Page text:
Changing your job? Make sure the grass is really greener
“It is still early in the new year and most people have had the chance to reflect on the areas they'd like to change in 2016,” says Kim Lombard, member of the South African Reward Association (SARA) and Director at Synntech People Solutions.
“It is a time when people think about changing jobs or their reward reality in order to make the year a resounding success.” But shifting personal and professional goalposts needs to be done with finesse.
Lombard recommends taking the move one step at a time to ensure there is a clear understanding of the current reward reality so that any negotiations are done from an informed position and in line with the market.
“Reward is not exclusively about the money, while this is important it is sometimes the intangible that makes a career choice a happy one,” she says.
-- Deciding on a move --
“Get a statement of full financial earnings and include all items such as salary, company contributions to retirement, medical aid and more,” she says.
“Also include any potential incentive earnings and speak with the human resources specialist to gain a clear picture of the full financial investment the company is making. Once done, do the same for the non-financial aspects which are non-negotiable to you, such as a collaborative boss or a job rotation programme or healthy food access. Uncover what is of value personally within the company and what it would cost to lose it.”
Once all these aspects have been assessed they provide a rich outline of the total reward offering from an organisation. This can then be held up alongside the reasons for wanting to leave to determine if this is the right decision or not.
-- Assessing the market --
The next step is to navigate the opportunities in the external market and there are a number of key aspects to this. The first is to understand the external market and your personal market value.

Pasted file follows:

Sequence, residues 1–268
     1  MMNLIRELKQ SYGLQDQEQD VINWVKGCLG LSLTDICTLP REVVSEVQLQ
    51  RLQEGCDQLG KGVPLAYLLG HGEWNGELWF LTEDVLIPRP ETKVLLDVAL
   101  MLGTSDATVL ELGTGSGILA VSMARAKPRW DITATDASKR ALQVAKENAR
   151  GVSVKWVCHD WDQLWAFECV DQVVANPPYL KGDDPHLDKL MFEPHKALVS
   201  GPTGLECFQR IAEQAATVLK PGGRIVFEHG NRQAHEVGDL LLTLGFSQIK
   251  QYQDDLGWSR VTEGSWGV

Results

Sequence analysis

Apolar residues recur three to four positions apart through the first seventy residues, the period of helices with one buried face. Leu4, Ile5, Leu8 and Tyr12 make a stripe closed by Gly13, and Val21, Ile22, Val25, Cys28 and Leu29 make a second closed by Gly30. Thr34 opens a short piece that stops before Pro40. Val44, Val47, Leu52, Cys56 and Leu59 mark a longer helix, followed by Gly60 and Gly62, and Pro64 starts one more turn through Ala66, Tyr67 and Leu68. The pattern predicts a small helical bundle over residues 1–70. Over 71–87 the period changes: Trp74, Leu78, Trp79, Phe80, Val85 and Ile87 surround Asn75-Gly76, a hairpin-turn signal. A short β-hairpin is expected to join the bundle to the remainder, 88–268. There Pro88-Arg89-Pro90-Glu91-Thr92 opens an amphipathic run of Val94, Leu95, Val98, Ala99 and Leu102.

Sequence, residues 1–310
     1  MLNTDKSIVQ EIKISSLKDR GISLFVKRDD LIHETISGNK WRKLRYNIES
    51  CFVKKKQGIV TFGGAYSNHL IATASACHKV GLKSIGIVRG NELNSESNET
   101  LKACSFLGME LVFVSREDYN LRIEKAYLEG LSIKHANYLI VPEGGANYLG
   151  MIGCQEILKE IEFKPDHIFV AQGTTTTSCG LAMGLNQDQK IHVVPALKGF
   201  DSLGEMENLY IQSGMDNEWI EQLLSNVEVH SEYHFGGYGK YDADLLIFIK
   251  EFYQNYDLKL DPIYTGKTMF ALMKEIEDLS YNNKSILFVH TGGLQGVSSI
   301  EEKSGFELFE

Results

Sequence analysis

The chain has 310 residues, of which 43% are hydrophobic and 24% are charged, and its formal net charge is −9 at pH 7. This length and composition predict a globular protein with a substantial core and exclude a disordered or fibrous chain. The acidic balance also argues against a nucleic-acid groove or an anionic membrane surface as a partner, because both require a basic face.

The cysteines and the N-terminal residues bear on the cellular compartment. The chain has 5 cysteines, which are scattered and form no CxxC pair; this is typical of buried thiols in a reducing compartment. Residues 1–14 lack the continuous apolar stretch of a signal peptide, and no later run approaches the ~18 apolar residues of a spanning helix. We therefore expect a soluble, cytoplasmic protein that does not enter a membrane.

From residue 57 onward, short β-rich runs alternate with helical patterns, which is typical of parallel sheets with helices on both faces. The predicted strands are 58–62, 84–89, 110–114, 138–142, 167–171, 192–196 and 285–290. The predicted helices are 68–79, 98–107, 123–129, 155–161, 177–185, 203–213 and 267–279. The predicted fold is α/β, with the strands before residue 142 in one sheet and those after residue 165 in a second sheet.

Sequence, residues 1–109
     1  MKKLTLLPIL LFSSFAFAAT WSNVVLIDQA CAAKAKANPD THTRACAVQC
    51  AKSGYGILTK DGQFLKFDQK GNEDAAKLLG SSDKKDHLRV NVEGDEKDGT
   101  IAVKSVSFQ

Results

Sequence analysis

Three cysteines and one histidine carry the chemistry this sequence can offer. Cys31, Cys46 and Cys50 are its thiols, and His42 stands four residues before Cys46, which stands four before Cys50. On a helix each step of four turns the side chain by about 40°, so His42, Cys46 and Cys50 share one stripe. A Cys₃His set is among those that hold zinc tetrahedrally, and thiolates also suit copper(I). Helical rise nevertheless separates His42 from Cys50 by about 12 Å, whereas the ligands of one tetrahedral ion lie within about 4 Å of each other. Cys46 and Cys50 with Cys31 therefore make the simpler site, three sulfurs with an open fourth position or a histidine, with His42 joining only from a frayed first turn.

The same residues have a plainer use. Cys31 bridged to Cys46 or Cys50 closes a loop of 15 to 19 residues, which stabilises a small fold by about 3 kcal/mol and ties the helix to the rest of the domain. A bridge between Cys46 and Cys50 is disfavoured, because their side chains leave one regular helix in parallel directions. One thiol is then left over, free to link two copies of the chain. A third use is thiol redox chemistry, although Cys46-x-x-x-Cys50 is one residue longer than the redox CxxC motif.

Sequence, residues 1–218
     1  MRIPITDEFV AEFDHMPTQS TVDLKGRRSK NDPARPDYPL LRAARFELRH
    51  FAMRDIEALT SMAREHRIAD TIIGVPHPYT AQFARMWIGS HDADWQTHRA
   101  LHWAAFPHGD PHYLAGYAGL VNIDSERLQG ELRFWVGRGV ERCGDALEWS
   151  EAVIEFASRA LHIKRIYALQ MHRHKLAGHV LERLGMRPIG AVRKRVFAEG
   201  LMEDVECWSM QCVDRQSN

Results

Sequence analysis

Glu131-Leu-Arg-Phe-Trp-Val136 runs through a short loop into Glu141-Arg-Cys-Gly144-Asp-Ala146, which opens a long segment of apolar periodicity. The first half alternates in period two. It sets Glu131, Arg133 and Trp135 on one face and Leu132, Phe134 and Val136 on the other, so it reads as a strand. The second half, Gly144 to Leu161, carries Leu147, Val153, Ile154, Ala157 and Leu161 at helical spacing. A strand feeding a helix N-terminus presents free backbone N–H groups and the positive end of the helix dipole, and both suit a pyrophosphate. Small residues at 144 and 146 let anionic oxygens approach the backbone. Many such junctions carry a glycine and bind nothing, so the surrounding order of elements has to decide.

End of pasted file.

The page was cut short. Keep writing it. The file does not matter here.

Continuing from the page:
Different companies, by their very nature, value and employ specific skills and it is vital to do the research and match skills in accordance with an organisation’s offerings and value proposition.
“Personal market value is not a thumb suck,” warns Lombard.
“It can be determined by looking at what jobs are on offer and it is strengthened by awareness that these values are rarely straightforward. A company may pay high guaranteed packages, but have no incentives so if there are incentives at the current company the package may be worse off.”
The second aspect to consider is a synergy between company and personal values. A culture fit is a more reliable determinant of success and happiness than the package on offer. And, of course, there is the need to negotiate a package in a way that shows a clear understanding of the current reward package along with value and market worth.
“Know which areas are non-negotiable and show an understanding of personal worth through discussions. Come across as someone who is well prepared and researched,” concludes Lombard.
“Ask for a Total Reward Offer statement that shows all aspects on offer across financial and non-financial or create one if the company does not have one. Finally, examine the incentives as they are a critical aspect of any environment. Be clear on the value derived from these programmes and how embedded they are in the company.”
Ensuring clarity across all these elements will play a critical role in making an informed decision. Remember that any relationship is give and take and all discussions should be constructive as this will only stand you in good stead for the future.
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